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Common Trees of Britain

June 26, 2022 6:39 pm

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Native trees first colonised Britain between 10,000 and 6,000 years ago, after the last ice age. The first humans to reach the British Isles brought with them plants and trees that they found useful. This natural selection has continued to influence the trees that are native to Britain. In fact, we now know that the British Isles are home to a wide variety of trees, as well as to a number of invasive species.

In addition to being a great source of oxygen, trees native to the UK have adapted over thousands of years to thrive in the region. As a result, they are likely to have deep, extensive roots that prevent soil from washing away in the wettest weather. Furthermore, they are less likely to require protection from the British seasons. By planting native trees, you’ll be helping local plants and animals survive and flourish. Native trees of Britain are great for your garden.

Another native tree to Britain is the sycamore. This species is part of the maple family and was introduced to the UK during the sixteenth century. It grows to 100 feet tall and can live for 400 years. Its flowers are yellow-green, and their seeds are ‘helicopter’-shaped. This type of tree also fixes nitrogen from the air and is the most popular tree in the British Isles. For this reason, it is considered a valuable source of food for many animals.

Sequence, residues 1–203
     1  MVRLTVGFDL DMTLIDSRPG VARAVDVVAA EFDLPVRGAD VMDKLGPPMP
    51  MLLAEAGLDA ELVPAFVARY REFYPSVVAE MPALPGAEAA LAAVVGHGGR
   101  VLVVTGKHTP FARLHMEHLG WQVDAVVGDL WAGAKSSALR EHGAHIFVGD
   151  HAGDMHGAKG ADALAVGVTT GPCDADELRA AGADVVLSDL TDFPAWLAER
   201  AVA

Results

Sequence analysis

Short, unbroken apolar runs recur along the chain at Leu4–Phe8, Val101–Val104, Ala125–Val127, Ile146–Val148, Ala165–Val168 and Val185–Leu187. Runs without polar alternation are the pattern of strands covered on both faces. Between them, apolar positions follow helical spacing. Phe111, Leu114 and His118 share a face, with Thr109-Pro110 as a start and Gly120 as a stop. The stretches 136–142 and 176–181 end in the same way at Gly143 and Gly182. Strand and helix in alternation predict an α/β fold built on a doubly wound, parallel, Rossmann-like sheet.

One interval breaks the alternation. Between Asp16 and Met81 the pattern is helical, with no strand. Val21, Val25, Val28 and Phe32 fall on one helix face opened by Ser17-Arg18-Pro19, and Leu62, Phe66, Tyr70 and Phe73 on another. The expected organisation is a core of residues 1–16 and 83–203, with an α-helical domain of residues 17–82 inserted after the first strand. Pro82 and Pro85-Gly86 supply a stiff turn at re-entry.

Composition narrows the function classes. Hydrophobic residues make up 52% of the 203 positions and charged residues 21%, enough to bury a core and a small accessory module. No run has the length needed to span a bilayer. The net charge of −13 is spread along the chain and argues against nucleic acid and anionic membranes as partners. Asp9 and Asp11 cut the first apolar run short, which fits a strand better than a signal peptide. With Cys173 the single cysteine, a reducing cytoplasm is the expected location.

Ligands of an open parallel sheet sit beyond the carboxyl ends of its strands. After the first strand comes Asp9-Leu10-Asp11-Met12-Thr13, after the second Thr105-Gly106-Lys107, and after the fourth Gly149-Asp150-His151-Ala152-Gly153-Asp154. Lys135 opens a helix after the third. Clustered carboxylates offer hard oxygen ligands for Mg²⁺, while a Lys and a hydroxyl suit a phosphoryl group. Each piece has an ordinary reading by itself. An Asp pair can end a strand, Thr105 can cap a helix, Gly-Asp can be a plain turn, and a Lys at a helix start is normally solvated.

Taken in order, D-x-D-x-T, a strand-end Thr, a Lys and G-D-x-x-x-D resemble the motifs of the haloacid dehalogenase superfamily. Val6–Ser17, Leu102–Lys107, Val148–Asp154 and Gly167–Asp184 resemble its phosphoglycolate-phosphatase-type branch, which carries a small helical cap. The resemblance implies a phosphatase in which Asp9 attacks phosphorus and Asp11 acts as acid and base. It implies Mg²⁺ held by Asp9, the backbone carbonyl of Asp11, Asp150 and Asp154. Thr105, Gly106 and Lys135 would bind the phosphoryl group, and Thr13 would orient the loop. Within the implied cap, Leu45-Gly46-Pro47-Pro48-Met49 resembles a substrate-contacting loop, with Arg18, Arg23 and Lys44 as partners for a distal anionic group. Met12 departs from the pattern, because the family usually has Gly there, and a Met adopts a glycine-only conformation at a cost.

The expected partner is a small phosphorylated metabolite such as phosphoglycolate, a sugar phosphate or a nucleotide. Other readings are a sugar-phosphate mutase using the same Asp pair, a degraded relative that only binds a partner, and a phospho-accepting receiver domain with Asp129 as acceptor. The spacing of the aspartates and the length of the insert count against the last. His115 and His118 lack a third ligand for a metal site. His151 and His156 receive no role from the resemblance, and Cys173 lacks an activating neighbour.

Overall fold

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The most common oak in Britain is the pedunculate oak. This tree is distinctive because of its sprawling crown and crooked branches. The pedunculate oak’s female flowers are carried on long stalks, while the male ones are borne in hanging catkins. Acorns develop in pairs next to alternate scalloped leaves with ear-like lobes at the base. Pedunculate oak is widely planted in urban areas because of its adaptability to city life. Oak is a popular choice for furniture and construction. For more information on Oak Garages, contact www.timberpride.co.uk/oak-framed-garages

Rowan is one of the most common trees in the UK, with its glossy, spiked leaves and bright red berries. These berries are poisonous to humans, but provide vital food for birds and small mammals. Its branches are renowned for their Christmas wreaths, but can suffer from holly leaf blight. This disease has been increasing in frequency over the past 10 years and can lead to dieback.

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Scots pine were introduced to Britain in the 1830s by botanist David Douglas. They grow up to 55m in height and can live more than 1000 years. Despite its large size, Douglas firs are commonly used for timber in construction work. It is also often used for decking and flooring. Silver birches are also native to the UK and have white pearly bark.

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